Eight volumes of stories

Last month, Drew Wagenhoffer noticed Scott Bowden's eight-volume military biography of Lee.

The publisher's key statement is: "Military History Press has committed to a lavish graphic presentation, sure to set a new standard in campaign and combat studies." The publisher is going to outdo the old American Heritage Press, if it can, and has a sample chapter online that you can peruse as I did.

The graphics claim holds up.

A claim made about the author does not:
Never before addressed topics include a complete analysis of Lee's art of war. Also, and for the first time, Bowden explains in great detail Lee's ongoing efforts to craft and reorganize the army he inherited from Joe Johnston-a force unevenly led and inefficiently organized-into a modern and fierce fighting machine known as the Army of Northern Virginia.
These may be addressed in another chapter, however.

As you will see in the sample chapter, Mr. Bowden is a very good writer; facile, interesting, and in control of his material. The problem is the kind of control he exerts over all that material.

Our sample Chapter 3 covers the period immediately after the Lee-Pemberton team was broken up in South Carolina and it carries through Seven Pines and Lee's accession to Smith's command.

There are so many historical problems and controversies here that you couldn't address them all in one chapter. Our author doesn't try - he takes a single outcome or interpretation in each case and runs with it.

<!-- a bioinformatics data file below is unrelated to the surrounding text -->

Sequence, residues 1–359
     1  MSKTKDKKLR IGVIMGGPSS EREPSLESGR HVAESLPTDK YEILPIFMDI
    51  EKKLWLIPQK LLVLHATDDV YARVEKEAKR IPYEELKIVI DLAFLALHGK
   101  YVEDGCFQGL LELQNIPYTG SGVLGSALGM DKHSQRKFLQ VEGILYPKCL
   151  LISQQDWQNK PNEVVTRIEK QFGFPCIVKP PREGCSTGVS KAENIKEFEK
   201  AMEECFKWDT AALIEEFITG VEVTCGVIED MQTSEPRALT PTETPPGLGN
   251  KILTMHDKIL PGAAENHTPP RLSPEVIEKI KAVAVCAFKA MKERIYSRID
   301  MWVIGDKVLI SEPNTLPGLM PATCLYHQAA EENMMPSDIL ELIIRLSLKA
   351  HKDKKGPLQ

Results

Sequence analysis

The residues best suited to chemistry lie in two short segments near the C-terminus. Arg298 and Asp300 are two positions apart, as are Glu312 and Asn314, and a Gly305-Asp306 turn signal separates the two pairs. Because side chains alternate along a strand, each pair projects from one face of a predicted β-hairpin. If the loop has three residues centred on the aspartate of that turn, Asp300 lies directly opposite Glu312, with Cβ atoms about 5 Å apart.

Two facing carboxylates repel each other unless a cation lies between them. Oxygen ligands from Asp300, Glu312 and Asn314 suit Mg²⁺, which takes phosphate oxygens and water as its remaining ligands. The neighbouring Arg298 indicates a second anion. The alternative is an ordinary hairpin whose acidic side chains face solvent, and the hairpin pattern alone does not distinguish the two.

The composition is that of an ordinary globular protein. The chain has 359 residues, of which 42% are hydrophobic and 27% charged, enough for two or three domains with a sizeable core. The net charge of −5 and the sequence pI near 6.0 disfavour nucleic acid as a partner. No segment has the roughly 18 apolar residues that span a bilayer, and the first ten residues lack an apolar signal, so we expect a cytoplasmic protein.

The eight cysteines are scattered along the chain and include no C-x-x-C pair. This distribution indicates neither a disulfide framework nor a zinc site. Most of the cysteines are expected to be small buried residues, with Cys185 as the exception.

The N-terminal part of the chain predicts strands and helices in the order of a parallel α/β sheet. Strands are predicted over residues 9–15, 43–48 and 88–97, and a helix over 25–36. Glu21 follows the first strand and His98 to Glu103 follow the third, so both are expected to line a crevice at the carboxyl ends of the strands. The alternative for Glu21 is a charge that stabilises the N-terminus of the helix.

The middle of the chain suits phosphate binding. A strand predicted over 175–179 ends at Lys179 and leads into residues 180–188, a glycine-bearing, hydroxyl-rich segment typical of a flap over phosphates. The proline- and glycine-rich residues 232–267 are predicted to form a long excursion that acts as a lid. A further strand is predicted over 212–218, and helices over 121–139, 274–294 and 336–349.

Take for example the business of Lee, as Davis's advisor, secretly giving orders to Johnston's units in the Valley. Dowdey, in his classic treatment of this period gives a whole chapter to Lee's "machiavellian" behavior. But Bowden says, "Lee's proximity required he supervise" Jackson and Ewell. Required. Further, "the baffling chain-of-command left Lee in a nebulous and needlessly complicated position." What nebulous is not: issuing orders to other people's troops.

Point of delicacy: Bowden notes Lee had to "acquire [Davis's] permission for such movements" and "while having done so, try with great tact to avoid offending the touchy Johnston."

He gets touchy when you move his units ... when you fail to inform him of your orders ... when you seek higher authority to command his men.

What a grouch!

"Having backed his army into the environs of the Confederate capital, Johnston waited there incommunicado." "Thus Johnston had carried out his original insubordinate intention with seeming malice."

And so you see how it goes here. Seven Pines was "phenomenally mismanaged." Lee suffered the "personality flaws of Davis."

I could take it controversy by controversy but it would exceed comfortable blogging length, for these historical problems require careful handling and attention. Here, they are given the storyteller's short shrift.

Take a look. Don't mind "capitol" for "capital" or "throws" for "throes" for this is a draft.

If the publisher commissioned a coffee table picture book, his author gave him more quality than is required. If he commissioned a military biography of Lee, the reader is sold short.